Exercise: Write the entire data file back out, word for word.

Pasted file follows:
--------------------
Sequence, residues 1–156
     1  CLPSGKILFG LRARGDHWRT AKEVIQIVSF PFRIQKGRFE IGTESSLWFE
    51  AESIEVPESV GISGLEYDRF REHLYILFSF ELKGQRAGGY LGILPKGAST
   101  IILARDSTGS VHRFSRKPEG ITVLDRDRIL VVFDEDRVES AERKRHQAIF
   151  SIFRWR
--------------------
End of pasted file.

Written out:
Sequence, residues 1–156
     1  CLPSGKILFG LRARGDHWRT AKEVIQIVSF PFRIQKGRFE IGTESSLWFE
    51  AESIEVPESV GISGLEYDRF REHLYILFSF ELKGQRAGGY LGILPKGAST
   101  IILARDSTGS VHRFSRKPEG ITVLDRDRIL VVFDEDRVES AERKRHQAIF
   151  SIFRWR